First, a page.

Deliveries of Boeing aircraft to China are currently paused pending a review of batteries that power their onboard cockpit voice recorders (CVR), Reuters has reported citing internal sources.

The review is related to the installation of new CVRs capable of storing 25 hours of data, up from the previously mandatory two hours. The US Congress mandated the change in its FAA reauthorisation bill, which entered into law on May 16, 2024. The bill requires that all aircraft manufacturers after one year from the law's enactment must be equipped with the new CVRs. All aircraft with earlier versions of the recorders will have to be retrofitted within six years. The US law follows that of the European Union Aviation Safety Agency (EASA), which has had a 25-hour minimum in force since January 1, 2021.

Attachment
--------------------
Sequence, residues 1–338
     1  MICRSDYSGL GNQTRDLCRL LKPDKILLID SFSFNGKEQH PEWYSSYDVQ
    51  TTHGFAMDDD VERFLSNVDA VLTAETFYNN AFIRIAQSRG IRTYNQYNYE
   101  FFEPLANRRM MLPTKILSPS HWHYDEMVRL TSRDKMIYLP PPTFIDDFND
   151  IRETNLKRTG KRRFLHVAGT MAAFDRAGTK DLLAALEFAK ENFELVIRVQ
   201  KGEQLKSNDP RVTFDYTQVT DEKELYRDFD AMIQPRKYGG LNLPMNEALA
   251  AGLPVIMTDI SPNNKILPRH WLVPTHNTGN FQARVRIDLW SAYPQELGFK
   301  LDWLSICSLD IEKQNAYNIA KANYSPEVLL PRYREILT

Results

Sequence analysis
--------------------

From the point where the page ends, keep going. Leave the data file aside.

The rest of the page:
"We defer to the FAA and the Civil Aviation Administration of China (CAAC) on this regulatory discussion," Boeing said while confirming the delay. The manufacturer emphasised that the 25-hour CVR had already been approved by the FAA and accepted by EASA. There is no evidence of any new quality issues causing the delay.

The ch-aviation fleets module shows that Boeing delivered 23 aircraft to Chinese operators in 2024, including twenty-one B737-8s and two B787-9s. The last B737 MAX delivery was on April 29, 2024, to Hainan Airlines. The only aircraft delivered in May, B787-9 B-20EL (msn 63987), to China Southern Airlines, was built in 2020 but only ferried to China on May 12, 2024.

Boeing was not allowed to deliver any B737 MAX to China between the type's March 2019 grounding and the end of 2023. At the end of 2023, it had around eighty-five B737 MAX outstanding for Chinese customers.

The US National Transportation Safety Board (NTSB) has been pushing for extended CVR storage capabilities for years, as the previous two-hour limit hampered multiple accident and incident investigations. Most recently, the NTSB said it lacked the necessary CVR data for the January 5, 2024, Alaska Airlines incident, when a cabin door plug blew out of a B737-9 mid-flight.